Scroll of Honor – John Walker Stalnaker

Target Tokyo

The night was filled with the roar of more than two thousand powerful Wright-Cyclone 2,200 horsepower engines as the bombers lined up along the miles of Tinian’s taxiways.  Five hundred sixty-two B-29 Super Fortresses assigned to the mission would begin taking off at 2100 hours, turn north, and fly fourteen hundred miles above the trackless Pacific Ocean to strike the target: Tokyo.  Staff Sergeant John Walker Stalnaker of Ninety Six, a member of Clemson College’s interrupted Class of 1946, was the flight engineer on the B-29 nicknamed The Gamecock.

Stalnaker had enrolled at Clemson as an architecture major in the late summer of 1942.  The United States was already at war and rumors about the cadets’ futures ricocheted all around campus.  In the middle of the spring semester of 1943, the rumors were swept away by fact.  All underclassmen would be ordered to active duty at the end of the academic year.

Stalnaker found himself in the Army Air Force.  He trained on the most complex and expensive weapons system of World War II, the B-29 bomber, the development of which, at $3 billion, exceeded even the cost of the top-secret Manhattan Project with which it would soon be linked.  The B-29 had been engineered by Boeing to meet Army Air Force needs for a longer range bomber to cover the vast distances encountered in the Pacific Theater.  The aircraft was bigger, faster, could carry more bombs, and fly greater distances than the B-17s and B-24s used in Europe.  It combined a pressurized cabin with state-of-the art weapons systems, including a centrally-controlled gunnery system that allowed two men to operate four machine gun turrets.

The May 23, 1945 raid would feature the largest number of B-29s to take part in a single mission in the entire Pacific war.  Stalnaker’s B-29 was manned by a crew of eleven and was piloted by Second Lieutenant Robert T. Boggan.  Stalnaker’s position was directly behind the copilot in the aircraft’s forward compartment.  His job included the in-flight monitoring of the four sophisticated engines as well as all the other mechanical, hydraulic, and electrical systems on the aircraft.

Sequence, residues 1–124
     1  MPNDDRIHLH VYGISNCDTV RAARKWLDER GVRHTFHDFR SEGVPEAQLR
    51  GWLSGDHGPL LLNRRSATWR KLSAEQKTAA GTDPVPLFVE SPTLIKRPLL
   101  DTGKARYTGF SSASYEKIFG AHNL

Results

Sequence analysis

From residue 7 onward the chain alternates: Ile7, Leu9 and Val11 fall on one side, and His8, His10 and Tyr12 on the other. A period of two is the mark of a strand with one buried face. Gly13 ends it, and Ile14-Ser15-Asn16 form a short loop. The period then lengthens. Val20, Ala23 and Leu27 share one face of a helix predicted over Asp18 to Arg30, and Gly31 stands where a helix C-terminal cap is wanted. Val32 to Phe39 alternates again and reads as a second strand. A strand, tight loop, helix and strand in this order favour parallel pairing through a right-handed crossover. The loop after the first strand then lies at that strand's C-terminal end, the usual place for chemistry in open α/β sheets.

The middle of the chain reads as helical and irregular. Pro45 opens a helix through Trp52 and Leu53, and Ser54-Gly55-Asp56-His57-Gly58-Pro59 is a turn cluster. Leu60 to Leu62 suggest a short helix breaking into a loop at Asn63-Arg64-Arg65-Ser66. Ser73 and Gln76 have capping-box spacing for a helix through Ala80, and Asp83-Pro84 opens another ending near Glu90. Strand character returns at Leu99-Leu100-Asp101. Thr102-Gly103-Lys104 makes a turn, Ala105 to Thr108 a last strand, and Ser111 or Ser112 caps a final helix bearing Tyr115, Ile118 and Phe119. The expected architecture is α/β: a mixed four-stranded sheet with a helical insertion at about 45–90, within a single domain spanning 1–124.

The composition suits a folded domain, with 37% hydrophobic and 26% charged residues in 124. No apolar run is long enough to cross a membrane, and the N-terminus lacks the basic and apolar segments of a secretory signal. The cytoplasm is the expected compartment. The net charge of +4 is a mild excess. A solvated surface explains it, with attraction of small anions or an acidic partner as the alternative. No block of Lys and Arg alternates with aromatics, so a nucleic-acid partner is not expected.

The objective for the mission was Tokyo harbor.  The bombers would drop incendiary bombs from altitudes of eight to eleven thousand feet.  Arriving over the target from the west in the early hours of May 24, the bombers were greeted by an estimated one hundred fifty searchlights, a few enemy fighters, and intense anti-aircraft artillery fire.  In clear weather, with good visibility, many of the aircraft were struck and damaged by enemy fire.  Stalnaker’s bomber was one of these.

The Gamecock took a direct hit in its number four engine.  Boggan was unable to control the aircraft.  Three members of the crew—all gunners with duty positions farther to the rear of the aircraft—were able to bail out of the stricken bomber.  They were captured by the Japanese and spent the remaining three months of the war as POWs.  The other members of the crew, including Stalnaker, were killed.

After the war, Stalnaker’s remains were returned to the United States and reinterred at Elmwood Cemetery in Ninety Six.

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